1 in 44 children in the US has autism, study finds

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In a new study from Centers for Disease Control and Prevention, researchers found the autism rate among 8-year-old children in the United States is one in 44, and one in 35 in New Jersey.

They used a new method to estimate the prevalence of autism spectrum disorder (ASD) among children of various ages at 11 sites in 2018.

The rate of one in 44 among 8-year-olds was the highest estimate to date by the CDC-Autism and Developmental Disabilities Monitoring (ADDM) Network since its inception in 2000.

In the study, the team used information from 220,281 children, including 5,058 8-year-old children with ASD in Arizona, Arkansas, California, Georgia, Maryland, Minnesota, Missouri, New Jersey, Tennessee, Utah and Wisconsin.

Boys with ASD outnumbered girls by 4.2 to 1, and differences in prevalence and a median age of ASD diagnosis were evident across sites.

Prevalence ranged from 1.6 percent (Missouri) to 3.9 percent (California); the median age of diagnosis ranged from 36 months (California) to 63 months (Minnesota).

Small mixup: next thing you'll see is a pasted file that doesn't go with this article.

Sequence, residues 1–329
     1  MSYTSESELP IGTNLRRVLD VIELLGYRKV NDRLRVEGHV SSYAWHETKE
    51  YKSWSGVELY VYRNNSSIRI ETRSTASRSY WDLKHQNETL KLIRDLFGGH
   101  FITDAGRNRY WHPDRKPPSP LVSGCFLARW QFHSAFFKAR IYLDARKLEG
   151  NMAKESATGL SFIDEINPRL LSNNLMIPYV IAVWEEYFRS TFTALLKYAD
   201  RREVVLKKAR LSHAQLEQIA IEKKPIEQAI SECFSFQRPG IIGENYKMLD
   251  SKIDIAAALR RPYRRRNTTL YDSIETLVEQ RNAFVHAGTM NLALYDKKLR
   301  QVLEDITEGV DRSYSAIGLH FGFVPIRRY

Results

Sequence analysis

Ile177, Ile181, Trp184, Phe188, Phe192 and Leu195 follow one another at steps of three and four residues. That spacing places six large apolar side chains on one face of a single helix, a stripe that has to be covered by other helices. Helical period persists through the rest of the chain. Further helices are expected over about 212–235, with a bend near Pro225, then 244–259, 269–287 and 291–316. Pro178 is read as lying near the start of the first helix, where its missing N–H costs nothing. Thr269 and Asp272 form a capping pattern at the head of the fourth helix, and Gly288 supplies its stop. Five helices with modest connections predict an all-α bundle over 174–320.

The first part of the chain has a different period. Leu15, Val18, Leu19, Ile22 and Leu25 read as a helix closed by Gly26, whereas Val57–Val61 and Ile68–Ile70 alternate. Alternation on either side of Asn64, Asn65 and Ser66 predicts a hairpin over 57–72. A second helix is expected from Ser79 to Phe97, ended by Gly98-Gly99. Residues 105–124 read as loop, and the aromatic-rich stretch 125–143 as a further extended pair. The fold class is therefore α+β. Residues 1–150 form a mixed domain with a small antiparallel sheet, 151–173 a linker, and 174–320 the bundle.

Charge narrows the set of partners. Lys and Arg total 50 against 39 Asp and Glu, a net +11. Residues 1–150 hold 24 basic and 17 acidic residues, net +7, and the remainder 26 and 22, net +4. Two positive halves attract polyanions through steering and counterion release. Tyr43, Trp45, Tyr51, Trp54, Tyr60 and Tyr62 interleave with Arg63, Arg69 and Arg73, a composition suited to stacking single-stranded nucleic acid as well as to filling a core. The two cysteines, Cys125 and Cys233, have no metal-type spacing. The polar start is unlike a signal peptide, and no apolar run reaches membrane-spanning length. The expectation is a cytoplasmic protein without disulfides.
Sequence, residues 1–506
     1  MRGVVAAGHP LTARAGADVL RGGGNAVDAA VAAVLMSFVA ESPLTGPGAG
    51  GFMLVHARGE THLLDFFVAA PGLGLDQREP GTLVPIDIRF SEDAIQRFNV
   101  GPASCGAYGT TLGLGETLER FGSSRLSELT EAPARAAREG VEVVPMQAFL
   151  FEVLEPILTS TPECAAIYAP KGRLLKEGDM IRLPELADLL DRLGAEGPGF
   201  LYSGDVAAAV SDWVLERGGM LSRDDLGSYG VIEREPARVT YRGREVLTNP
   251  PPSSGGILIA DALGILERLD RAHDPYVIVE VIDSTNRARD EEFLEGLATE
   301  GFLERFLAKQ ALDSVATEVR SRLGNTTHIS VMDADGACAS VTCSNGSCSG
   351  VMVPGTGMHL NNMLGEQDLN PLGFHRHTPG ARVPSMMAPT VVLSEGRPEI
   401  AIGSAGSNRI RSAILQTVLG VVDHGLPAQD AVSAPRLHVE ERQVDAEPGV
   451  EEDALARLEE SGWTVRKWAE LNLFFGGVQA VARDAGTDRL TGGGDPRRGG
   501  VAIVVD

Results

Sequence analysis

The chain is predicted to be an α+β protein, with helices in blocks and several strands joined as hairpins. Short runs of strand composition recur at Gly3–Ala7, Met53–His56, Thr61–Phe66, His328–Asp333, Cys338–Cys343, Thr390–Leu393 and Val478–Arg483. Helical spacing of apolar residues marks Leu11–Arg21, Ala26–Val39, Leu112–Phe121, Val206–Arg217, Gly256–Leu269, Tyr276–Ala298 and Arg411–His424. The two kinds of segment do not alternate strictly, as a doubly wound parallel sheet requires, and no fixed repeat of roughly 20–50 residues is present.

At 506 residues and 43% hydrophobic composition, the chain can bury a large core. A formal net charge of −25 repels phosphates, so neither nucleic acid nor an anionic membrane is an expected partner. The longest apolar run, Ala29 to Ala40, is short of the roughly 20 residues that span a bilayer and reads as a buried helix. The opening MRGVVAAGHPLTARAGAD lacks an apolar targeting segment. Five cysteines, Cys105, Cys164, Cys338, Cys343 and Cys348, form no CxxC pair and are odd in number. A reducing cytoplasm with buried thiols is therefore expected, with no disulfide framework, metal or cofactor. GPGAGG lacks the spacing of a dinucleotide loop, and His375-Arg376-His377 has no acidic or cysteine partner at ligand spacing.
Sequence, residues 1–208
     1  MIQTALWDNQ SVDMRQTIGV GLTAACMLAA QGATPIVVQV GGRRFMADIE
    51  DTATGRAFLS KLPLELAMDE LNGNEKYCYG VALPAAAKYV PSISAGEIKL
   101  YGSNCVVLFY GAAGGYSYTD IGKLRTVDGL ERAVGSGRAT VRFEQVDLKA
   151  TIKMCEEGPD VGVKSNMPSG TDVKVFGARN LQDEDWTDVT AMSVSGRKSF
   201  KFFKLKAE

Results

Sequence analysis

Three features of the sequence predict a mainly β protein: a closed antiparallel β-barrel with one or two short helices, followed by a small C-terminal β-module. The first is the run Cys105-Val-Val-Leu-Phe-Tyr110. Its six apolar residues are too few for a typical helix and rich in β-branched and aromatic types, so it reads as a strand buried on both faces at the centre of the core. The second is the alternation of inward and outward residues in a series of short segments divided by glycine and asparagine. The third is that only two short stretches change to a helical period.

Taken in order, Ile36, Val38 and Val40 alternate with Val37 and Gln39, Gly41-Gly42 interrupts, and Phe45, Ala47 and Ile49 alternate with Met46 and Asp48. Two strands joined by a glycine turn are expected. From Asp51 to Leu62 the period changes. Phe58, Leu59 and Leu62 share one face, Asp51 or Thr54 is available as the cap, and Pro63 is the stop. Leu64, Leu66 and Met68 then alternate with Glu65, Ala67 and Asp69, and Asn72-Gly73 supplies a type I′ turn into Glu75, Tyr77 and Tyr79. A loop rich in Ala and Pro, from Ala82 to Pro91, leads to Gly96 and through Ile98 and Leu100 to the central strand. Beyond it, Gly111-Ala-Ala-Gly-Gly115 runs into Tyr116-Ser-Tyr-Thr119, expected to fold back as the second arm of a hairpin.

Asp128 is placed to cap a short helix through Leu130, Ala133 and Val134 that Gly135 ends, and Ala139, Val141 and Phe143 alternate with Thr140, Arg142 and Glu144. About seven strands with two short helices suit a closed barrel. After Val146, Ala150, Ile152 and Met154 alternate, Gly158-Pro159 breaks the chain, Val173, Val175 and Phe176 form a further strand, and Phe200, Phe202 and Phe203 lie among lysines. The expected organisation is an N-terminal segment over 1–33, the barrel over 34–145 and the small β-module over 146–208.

ASD prevalence varied by race/ethnicity and wealth. New Jersey’s autism rate (2.8 percent) was higher than the network average (2.3 percent) and higher than the 2016 estimate from New Jersey using the new CDC methodology (2.3 percent).

New Jersey is known for excellent clinical and educational services for ASD, so the state’s higher rates are likely due to more accurate or complete reporting based on education and health care records.

The new findings show that autism prevalence has not plateaued.

Researchers no longer see as many differences in prevalence by race.

Black and Hispanic children have the same ASD prevalence as white children in multiple states, and many ADDM sites show that autism prevalence is no longer highest among children from affluent communities.

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The study is published in Morbidity and Mortality Weekly Report. One author of the study is Walter Zahorodny.

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